During the years between the world wars Village residents often frequented James Pierce’s service station at the northeast corner of Shawnee Run and Drake Roads. He sold the station in 1939 to Richard Valentiner, a young man who had graduated from high school that year and whose prospects were dim because of the Depression. Richard’s father, a respected Indian Hill Ranger, loaned his 18-year-old son $500 for a down payment on the filling station, with the understanding that one cent per gallon of gasoline sold was to be paid to Pierce until the sale was complete.
The Shawnee Service Station was the typical filling station of a bygone era. From 7:00 a.m. to 9:00 p.m. customers drove their automobiles up to one of the Sohio pumps, which were located practically out on the street. The 10-gallon visual pumps each contained 500 gallons in reserve. The attendant, who was the owner, had to pump gasoline into the glass globe until the globe was filled, and then gravity would dispense the fuel through the nozzle into the car. Measurement of the quantity of gallons was done visually rather than electronically, and the pump was usually kept full, in order to serve clientele more rapidly.
In summer months, customers often insisted that they did not want “hot gas,” so Richard Valentiner would release the stored 10 gallons back to the tank and pump fresh “cold gas”. Since people believed that fuel expanded when temperatures rose over 90 degrees, patrons would get more fuel this way.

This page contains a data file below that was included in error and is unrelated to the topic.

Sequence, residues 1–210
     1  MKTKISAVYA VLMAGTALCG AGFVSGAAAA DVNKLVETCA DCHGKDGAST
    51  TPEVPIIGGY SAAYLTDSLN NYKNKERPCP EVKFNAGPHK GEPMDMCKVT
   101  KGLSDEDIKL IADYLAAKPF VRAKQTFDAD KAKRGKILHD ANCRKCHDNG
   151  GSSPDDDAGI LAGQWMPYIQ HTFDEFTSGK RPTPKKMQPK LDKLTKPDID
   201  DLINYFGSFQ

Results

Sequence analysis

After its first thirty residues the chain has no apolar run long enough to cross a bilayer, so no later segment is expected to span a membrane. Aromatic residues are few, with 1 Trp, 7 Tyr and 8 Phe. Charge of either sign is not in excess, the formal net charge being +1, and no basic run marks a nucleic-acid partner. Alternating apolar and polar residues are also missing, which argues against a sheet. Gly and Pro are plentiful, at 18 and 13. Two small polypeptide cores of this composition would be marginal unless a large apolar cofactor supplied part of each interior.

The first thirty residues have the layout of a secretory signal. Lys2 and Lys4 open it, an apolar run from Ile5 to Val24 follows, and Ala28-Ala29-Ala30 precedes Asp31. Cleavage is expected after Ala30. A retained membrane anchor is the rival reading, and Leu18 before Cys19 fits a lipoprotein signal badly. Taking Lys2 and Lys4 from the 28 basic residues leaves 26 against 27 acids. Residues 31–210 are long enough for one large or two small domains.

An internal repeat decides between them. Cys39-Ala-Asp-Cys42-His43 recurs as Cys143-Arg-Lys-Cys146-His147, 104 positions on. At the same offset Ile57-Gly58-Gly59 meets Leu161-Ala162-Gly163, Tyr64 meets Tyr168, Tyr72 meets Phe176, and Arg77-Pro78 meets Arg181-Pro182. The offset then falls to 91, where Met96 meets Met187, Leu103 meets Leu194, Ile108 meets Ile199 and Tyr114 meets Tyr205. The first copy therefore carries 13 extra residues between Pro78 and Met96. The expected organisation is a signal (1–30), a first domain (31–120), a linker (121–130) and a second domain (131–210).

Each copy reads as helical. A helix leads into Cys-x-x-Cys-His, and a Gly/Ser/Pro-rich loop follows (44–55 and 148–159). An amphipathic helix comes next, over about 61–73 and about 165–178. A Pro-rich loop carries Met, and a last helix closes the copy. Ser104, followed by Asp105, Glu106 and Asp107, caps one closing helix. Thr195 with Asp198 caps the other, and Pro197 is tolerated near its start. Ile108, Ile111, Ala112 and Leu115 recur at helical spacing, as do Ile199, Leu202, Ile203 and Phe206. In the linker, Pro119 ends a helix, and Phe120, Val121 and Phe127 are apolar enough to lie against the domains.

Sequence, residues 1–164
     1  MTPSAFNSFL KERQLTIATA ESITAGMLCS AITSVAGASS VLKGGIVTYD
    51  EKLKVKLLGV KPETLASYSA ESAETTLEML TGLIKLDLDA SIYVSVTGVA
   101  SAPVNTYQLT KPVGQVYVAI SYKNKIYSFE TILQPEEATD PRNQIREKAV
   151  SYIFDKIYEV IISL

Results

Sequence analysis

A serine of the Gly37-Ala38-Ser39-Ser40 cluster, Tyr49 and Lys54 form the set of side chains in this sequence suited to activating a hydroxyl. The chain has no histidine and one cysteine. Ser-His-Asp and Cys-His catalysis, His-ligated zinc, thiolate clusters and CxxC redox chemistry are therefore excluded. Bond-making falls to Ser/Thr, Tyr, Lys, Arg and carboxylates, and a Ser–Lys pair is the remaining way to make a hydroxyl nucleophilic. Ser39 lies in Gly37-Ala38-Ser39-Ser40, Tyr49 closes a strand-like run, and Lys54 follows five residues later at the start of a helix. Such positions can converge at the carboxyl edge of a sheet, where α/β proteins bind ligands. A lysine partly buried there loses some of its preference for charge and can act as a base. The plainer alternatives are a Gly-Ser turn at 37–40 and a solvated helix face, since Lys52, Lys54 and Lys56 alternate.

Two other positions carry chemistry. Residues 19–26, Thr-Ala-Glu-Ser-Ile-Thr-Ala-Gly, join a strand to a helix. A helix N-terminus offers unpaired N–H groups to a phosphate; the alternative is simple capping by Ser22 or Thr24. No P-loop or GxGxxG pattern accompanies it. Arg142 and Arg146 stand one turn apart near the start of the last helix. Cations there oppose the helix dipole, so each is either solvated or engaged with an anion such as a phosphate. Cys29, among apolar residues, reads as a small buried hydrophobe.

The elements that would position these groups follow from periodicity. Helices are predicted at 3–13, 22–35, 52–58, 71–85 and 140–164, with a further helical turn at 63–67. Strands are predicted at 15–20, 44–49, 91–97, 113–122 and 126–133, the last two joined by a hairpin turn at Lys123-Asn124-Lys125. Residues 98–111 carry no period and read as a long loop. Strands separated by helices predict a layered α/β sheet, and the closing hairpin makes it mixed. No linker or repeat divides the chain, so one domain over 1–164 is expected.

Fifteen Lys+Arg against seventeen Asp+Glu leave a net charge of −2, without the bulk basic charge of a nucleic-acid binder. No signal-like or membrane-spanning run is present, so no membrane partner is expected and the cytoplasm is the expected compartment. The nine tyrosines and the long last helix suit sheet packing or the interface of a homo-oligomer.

Many chauffeurs of estate owners filled up at the Shawnee Service Station. Lincolns, Dusenbergs, and even a 16-cylinder LaSalle frequented the pumps. The chauffeurs often transported people from their Indian Hill manors to Union Terminal – a popular destination in the heyday of train travel. Some estates had their own pumps on their property, so these drivers did not use the Shawnee Service Station.
No major mechanical work was done at the station, but customers could have their oil changed – and in the pre-EPA era, the used oil drained out on the ground. Tires were changed the old fashioned way – without a lift. Cars were raised manually on a jack, and tires were rotated or changed using a tire iron, sledgehammer, and screwdriver. Minor auto parts (such as fog lights) were available for purchase, and many clients had charge accounts at the station, payable on a monthly basis. In the late 1930’s, gasoline cost about 12 to 14 cents per gallon.
Inside the station was a little grocery store where soft drinks, ice cream, bread, pies, cakes, sardines, other snack items, cigars, and cigarettes (14-17 cents a pack) were sold. The market became a gathering place for Village youngsters, who would socialize over ice cream cones, Hershey Bars, and Pepsi-Cola (all 5 cents each).
Valentiner managed the station 6 days a week, and on Sundays (generally a slow day) his sister tended the business. Over this period, the young man paid off his loan and accumulated savings. Then World War II started, rationing began, and the station was sold.
In 1941 Indian Hill incorporated and passed resolutions excluding commercial establishments within Village limits. This closed the Shawnee Service Station, and permanently changed the roadside landscape at a prominent Indian Hill corner.